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Where Is The Housing Market Headed?

The biggest question on everybody's minds these days is where is the real estate market headed? And while, on the surface, this may seem like an impossible question to answer without having a crystal ball, there's reason to believe that the answer is fairly obvious.

But, in order to fully explain, let's step back and take a look at some hi
story around housing values...

Here's a graph of median hom
e value (indexed) from 1900 through (almost) today:



















It shouldn't come as much surprise to see the up-and-to-the-right hockey stick shape of this graph.  We all know that housing has gotten much more expensive over the past 40 years, and especially over the past 20. 

But, let's dig in a bit further...

I've talked a lot in the past about how real estate values have tracked inflation for much of modern history.  But I think a lot of people don't quite get how strong of a correlation we've seen between housing value increases and CPI inflation.

This graph adjusts median home price values for inflation (often referred to as "real housing values") -- from 1900 through 1998:











To provide some context, here is the same graph that includes a trend line that represents what housing prices would look like if they exactly tracked inflation over that 100 year period:














As you can see, values sometimes lagged below the inflation trend and sometimes hovered above the inflation trend.  But, for pretty much all of the 20th century, home values moved hand in hand with inflation.  To the degree that many economists today are comfortable saying that real estate values historically track inflation.

That's the data from 1900 through 1998.  But, things started to change about 25 years ago.  From 1998 through 2006, we saw a big deviation in home value increases from that inflation trend line.

Over the 8 years from 1998 through 2006, home prices appreciated much faster than inflation would have predicted:


















But we all know what happened shortly thereafter...  From 2007 through 2013 home values plummeted.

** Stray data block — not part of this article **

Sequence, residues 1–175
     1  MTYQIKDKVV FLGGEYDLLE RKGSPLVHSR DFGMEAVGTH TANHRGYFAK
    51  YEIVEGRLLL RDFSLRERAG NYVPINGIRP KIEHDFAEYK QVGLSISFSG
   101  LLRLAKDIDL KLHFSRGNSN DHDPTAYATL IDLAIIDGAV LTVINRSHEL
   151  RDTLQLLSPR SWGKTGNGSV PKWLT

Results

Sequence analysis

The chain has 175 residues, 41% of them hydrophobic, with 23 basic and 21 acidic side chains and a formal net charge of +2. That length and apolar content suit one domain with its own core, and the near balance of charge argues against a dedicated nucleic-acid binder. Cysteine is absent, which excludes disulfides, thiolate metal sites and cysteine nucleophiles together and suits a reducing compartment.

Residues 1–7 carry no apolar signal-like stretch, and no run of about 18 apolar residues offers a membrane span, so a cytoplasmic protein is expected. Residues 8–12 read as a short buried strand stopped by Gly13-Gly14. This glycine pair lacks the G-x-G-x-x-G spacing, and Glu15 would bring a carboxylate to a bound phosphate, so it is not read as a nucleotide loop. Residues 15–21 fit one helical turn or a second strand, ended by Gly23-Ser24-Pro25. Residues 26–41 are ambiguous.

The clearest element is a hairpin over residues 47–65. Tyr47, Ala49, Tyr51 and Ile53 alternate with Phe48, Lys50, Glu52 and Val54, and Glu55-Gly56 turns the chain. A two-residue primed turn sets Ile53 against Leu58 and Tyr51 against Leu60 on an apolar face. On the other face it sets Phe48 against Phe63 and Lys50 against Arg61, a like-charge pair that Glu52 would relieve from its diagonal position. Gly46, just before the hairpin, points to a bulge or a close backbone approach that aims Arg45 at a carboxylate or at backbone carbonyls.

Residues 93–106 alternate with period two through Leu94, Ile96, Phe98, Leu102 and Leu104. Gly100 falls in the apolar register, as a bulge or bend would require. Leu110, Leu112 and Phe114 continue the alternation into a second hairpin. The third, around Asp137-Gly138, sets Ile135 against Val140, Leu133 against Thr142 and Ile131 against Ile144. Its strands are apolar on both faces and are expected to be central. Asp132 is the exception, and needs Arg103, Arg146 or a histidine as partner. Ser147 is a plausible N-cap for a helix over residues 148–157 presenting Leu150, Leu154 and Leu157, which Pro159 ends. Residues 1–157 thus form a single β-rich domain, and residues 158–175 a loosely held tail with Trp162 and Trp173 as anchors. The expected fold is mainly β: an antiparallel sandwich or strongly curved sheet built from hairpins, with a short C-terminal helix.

Where did they plummet to? Pretty close to that historic inflation trend line:


















So, using the data above, it appears that from 1900 through about 2013, home values have tracked inflation. Even with that major deviation from 1998 through 2006, within just a few years, we saw a reversion back to the long-term trend.








Okay, so back to our graph...  Around 2014, we started seeing another major deviation in home values away from the trend line.

Which has lasted through today:

















If, like me, you're a believer that economics isn't random and that economic history is a good predictor of economic future, you're probably comfortable agreeing with me that we are eventually going to see home values return to the inflation trend line.

So, when somebody asked me where real estate values are headed? There's the answer:


Values will return to the trend line.

Now, that doesn't mean that a 2008 type crash is in our future.

Of course, that's one possibility.  Like, during the Great Recession, we could see a collapse in real estate values sharply and quickly, taking us back to the inflation trend line in a matter of months or a couple years.

But there's another very real possibility...

It's possible that we could see home values flatten out for several years, while inflation continues at its historic -- or even above historic -- averages.  If inflation continues, but housing values stop increasing, eventually the trend line will catch up with current values and we would return to the trend line. 

In this case, we wouldn't necessarily see a crash in values, but we would see a plateau in values for anywhere from 3 to 10 years, depending on how high average inflation is and whether prices come down at all to meet the trend line.

Long story short, it's fairly obvious to me where values are headed (again, back to the trend line). It's just a question of how they get there and how long it takes.


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Important Note:

You probably noticed that since the late 1980s, housing values have remained above the trend line.  Additionally, you may be surprised that after 2008, values didn't return all the way down to (or below) the trend line.

Keep in mind that the process for measuring inflation over the past 30 years has changed considerably. And it's reasonable to assume that inflation has been higher than what has been reported in the CPI readings for much of that time.

If it's true that inflation has been a good bit higher than reported over the past 30 years, then it's easy to believe that real housing values have been much closer to the trend line, and after 2008, there's a good chance we actually dropped below the line.

But the distortion of inflation data is a discussion for another day... 🙂 

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